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Setting up a business domain

The Australian domain registration rules will change this year. If you have a product or own a business that currently doesn't have a domain name, you need to secure it now.

Even if you don’t need a website, having your own domain name protects your brand, adds credibility to your business and flexibility to your Internet access.

A domain is the bit after the www or @, as in, the domain name is

Having your business email coming through your own domain means you are not tied to one Internet provider. If you change providers, or your provider goes bust, you can take your name to another business.

Setting up a domain is fairly straightforward. You can do it yourself, or get your Internet provider, IT consultant or web designer to do it for you.

Registering your domain

The first step is to register your domain. There are a whole range of addresses from the ubiquitous .com and through to the less common, all of them have different criteria and charges.

Your Internet provider, computer consultant or web designer can deal with this for you. Just make sure that you get all the registration details and that you are the registered owner and administrative contact.

The easiest to get are the dot-com addresses. They are so easy to get that most of the good ones are already taken. If you are selling overseas then a dot-com is probably the best option.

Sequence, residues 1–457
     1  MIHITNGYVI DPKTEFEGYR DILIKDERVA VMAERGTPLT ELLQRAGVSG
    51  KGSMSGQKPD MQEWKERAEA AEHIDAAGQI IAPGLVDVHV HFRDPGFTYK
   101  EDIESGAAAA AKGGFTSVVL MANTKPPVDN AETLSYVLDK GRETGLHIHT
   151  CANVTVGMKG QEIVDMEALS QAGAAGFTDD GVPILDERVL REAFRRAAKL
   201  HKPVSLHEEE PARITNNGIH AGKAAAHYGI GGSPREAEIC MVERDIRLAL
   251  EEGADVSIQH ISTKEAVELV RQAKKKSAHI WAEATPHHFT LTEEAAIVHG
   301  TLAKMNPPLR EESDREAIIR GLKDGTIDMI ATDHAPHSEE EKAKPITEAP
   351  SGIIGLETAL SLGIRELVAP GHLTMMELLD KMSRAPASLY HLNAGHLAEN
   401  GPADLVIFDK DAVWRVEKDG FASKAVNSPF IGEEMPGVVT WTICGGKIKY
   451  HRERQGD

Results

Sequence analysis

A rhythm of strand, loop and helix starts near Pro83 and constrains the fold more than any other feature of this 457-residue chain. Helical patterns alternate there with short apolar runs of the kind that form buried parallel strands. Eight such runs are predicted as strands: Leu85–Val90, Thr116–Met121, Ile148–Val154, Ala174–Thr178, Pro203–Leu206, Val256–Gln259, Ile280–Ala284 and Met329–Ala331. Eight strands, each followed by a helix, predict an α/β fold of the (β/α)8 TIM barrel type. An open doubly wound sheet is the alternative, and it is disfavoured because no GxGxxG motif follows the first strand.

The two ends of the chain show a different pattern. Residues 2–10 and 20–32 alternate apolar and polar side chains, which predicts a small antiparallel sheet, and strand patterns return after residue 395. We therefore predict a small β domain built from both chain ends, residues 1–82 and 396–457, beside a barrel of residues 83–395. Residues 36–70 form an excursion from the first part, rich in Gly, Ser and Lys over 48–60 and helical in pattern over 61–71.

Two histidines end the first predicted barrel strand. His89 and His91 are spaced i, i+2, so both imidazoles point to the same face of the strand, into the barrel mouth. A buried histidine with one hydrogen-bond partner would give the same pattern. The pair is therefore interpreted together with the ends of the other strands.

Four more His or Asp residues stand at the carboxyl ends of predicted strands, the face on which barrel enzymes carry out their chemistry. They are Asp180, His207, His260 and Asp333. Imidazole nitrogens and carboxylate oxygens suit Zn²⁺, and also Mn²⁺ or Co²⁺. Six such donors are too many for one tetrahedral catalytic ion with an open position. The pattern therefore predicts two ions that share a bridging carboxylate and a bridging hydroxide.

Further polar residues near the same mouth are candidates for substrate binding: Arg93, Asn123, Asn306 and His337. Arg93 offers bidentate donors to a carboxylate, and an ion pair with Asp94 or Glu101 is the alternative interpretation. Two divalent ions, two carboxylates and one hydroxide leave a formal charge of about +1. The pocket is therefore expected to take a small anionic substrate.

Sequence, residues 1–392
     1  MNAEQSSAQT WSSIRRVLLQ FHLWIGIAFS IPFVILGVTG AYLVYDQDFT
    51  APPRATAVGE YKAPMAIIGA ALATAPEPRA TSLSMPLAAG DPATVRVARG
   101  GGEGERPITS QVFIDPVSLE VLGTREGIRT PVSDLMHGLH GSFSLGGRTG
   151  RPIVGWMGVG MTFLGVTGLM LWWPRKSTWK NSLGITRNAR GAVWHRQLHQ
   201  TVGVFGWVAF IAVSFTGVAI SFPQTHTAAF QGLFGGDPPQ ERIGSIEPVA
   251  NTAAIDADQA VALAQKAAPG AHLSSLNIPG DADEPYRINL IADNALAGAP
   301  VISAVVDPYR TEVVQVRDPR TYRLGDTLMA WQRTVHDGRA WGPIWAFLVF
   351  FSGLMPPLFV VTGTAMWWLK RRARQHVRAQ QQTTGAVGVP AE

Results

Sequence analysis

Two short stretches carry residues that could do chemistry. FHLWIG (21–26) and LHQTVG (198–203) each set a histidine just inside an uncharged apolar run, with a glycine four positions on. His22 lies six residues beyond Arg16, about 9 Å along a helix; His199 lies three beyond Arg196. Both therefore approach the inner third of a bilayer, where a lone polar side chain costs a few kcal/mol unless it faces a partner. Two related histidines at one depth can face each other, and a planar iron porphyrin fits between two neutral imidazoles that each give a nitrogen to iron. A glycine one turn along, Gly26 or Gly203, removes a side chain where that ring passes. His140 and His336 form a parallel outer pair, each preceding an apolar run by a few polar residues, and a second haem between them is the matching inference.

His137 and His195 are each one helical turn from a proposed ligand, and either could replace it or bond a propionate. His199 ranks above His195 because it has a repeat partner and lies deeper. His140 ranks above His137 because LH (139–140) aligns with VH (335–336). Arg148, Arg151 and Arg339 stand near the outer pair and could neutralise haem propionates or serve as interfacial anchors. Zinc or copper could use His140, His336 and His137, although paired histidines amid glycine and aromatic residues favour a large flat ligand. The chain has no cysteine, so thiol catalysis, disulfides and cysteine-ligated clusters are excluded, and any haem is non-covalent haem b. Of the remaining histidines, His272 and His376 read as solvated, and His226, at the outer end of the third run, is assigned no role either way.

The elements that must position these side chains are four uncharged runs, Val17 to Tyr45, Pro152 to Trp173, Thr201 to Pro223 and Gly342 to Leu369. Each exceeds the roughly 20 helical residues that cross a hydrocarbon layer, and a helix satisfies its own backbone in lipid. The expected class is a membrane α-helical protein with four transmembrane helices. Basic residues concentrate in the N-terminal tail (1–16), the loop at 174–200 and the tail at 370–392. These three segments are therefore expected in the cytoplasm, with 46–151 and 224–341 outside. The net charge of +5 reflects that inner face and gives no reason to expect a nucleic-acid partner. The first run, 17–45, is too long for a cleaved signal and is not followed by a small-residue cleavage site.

There are hundreds of companies that can register these for you, but it is best to deal with Accredited Registrars. Expect to pay between 25 and 50 USD per year.

Australian addresses cost around between $60 and $160 for two years. You have to be able to show your business has a close connection to the name you want. The Australian domains are sold by accredited registrars.

When you register your domain name you will be assigned a NIC-handle and registry key. Keep these safe because these are your password or PIN that allows you to change details of your registration. If someone else has this, they can change your details.

Hosting and delegation

Now you have an address and Internet access, you need to tell the Internet where to send your mail and look for your website. For a small business this is best done by someone like a hosting company or your ISP.

Delegating a domain means your Internet provider directs e-mail and web traffic to your address. For example, e-mail to gets redirected to Web traffic to goes to

Delegating is a very cheap way of keeping your name on the net, it can be done for as little as $5.00 a month. The downsides to this is things get cumbersome if you have more than a couple of employees.

A hosting service looks after your website and e-mail. All your internet traffic goes to the space you rent on their server, you collect your mail from them and upload your web site to them.

Your Internet provider may do it and there are specialist companies that will do it for you. The plans available vary according to your needs, basic web and e-mail hosting costs around $30 a month.

Once you’re up and running

Once you have your domain organised you need to get the message out about your new e-mail addresses. Get them on your letterhead and business cards, and tell your customers and suppliers. Don’t cancel your old e-mail addresses for a few months to allow people to get used to your new address.

If you are setting up a website then the work has only just begun. We normally recommend a web designer to small businesses. Life is too short to spend learning this stuff. Get a good professional in, your website will look better and it will cost you less to get it done properly.

Having a domain name is becoming almost essential to small businesses. As well as looking professional it gives you control over your e-mail and web addresses. Even if you don’t need a website, at least protect your business by claiming your domain name.



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